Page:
In which we get distracted from real problems by personal outrage over pronouns

Alice Dreger has concerns about the future of tenure at our universities. So do I. She describes three things that she worries are threatening the institution. Two of them are valid. The third is off-the-wall looney tunes.

Her first concern is right-wing manipulation of the funding of universities. This is a major problem, if we let it happen…and it is happening in states like Wisconsin.

Fed up with the left-leaning nature of universities, political right wingers, including the Koch brothers, have made reshaping academia a priority. In Wisconsin, Walker has made it easier for programmes and departments to lose funding at the whim of those in political power. Likewise, the Republican-controlled Board of Governors at the University of North Carolina recently closed the law school’s highly-regarded Center on Poverty, Work and Opportunity.

Her second concern…let me come back to that one. It’s ridiculous. But her third concern is real.

The third part of the triumvirate? The corporatisation of universities. I experienced this personally when Northwestern University’s medical school dean censored an article I had edited and published because he was afraid it might violate a ‘branding agreement’ with the corporation who oversaw the running of the university hospital. (The article recounted an academic anthropologist’s story of consensual oral sex with a nurse after he was paralysed in 1978.) Our dean even set up a new ‘editorial committee’ comprised of overseers from his office and the PR department to ensure we didn’t publish anything else off-brand.

Ugh, yes. I’d throw into this the problem of the commodification of education, where we try to ‘sell’ the virtues of getting a degree as consisting primarily of getting a higher paying job.

But a larger part of her essay is dedicated to the second problem, and this is where it goes off the rails. You can guess where it’s going: there is a bizarre moral panic going on in which common ideas that support diversity are treated as horrifying instruments of oppression.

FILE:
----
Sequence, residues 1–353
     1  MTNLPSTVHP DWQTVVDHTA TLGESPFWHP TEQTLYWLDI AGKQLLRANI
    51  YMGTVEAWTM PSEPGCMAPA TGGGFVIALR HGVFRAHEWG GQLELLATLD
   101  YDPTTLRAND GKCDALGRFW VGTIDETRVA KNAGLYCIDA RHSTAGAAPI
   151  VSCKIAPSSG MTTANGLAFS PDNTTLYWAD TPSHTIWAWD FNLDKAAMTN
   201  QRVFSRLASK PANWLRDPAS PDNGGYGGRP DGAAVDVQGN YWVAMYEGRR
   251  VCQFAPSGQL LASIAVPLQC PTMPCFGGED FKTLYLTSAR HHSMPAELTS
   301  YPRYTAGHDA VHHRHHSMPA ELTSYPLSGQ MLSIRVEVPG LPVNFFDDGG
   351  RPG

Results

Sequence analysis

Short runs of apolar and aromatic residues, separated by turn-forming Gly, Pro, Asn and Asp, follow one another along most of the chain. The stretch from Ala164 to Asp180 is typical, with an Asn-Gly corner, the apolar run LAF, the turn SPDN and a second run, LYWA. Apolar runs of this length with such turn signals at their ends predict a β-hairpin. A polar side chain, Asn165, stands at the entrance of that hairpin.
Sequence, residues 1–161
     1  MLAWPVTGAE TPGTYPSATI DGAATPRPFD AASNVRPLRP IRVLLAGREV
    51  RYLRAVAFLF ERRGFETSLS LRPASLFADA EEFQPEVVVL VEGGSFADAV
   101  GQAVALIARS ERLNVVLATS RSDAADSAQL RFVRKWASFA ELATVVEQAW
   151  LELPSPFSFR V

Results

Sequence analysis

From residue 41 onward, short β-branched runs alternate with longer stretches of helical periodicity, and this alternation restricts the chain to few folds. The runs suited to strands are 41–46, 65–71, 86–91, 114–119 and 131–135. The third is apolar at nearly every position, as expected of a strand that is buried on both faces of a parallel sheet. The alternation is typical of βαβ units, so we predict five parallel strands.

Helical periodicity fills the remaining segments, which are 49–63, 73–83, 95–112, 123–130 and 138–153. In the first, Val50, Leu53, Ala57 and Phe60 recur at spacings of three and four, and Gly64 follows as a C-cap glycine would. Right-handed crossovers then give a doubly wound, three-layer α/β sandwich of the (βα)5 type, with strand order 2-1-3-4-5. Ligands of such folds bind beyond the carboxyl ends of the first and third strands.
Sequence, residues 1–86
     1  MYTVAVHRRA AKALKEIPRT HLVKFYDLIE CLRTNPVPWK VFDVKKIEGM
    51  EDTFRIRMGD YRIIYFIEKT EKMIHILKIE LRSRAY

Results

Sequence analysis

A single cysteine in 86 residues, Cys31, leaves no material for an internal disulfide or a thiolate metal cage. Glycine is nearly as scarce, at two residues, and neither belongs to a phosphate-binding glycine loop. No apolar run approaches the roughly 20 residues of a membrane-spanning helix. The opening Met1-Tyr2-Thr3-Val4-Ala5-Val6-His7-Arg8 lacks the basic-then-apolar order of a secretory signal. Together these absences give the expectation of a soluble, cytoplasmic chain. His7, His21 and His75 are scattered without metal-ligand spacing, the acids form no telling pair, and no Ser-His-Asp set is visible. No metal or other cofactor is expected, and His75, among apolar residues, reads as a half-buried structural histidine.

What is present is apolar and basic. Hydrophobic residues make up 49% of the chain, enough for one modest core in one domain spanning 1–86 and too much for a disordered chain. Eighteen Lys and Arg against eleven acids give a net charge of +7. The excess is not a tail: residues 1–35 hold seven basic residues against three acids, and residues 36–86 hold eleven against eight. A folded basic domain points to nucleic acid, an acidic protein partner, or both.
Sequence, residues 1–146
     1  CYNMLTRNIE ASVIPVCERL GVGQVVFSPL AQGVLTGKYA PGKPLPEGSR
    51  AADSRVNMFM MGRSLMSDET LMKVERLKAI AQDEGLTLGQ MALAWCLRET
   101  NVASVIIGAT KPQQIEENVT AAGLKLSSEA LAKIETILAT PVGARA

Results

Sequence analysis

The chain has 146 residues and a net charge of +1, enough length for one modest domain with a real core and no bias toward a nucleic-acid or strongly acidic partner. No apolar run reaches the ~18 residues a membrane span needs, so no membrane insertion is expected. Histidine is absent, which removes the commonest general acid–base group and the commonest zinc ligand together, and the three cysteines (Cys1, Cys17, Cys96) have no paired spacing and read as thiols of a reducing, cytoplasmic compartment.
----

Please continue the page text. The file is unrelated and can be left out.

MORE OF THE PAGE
Meanwhile, on the left, identity-politics activists are using devices like ‘safe spaces’ and ‘trigger warnings’ to shut down speech they believe to be offensive and dangerous. In my campus visits around the US – aimed at emboldening the students, faculty, and administrators to push for academic freedom – I’ve been told time and time again about staff being reported by left-leaning students for teaching ‘uncomfortable’ ideas that have been taught for generations.

She will not anywhere explain how students complaining threatens the institution of tenure, and will not bring up any specific examples of professors losing their job for teaching uncomfortable ideas. But she has thoroughly bought into the bogus idea that “‘safe spaces’ and ‘trigger warnings’” have the purpose of shutting down speech. She’s got it exactly backwards.

I treat my classroom as a safe space to discuss relevant ideas. I have fervently anti-abortion students who take my developmental biology course, while I am loudly pro-abortion; but, in the appropriate parts of the course, I want them to be able to ask questions and state their ideas without getting shouted down. I’ve often had creationists in my evolution-heavy courses, and when they’ve been bold enough to speak up, I encourage their participation — they aren’t going to be punished for arguing respectfully, and I am going to deal more harshly with a pro-evolution student who gets abusive.

That’s what a safe space is: a place where you can talk about your ideas and concerns without the reflexive abuse and silencing that can so easily go on when an authoritarian says you’re wrong, or when there’s a majority that takes courage from their numbers to bash a minority. It encourages speech that might otherwise be suppressed.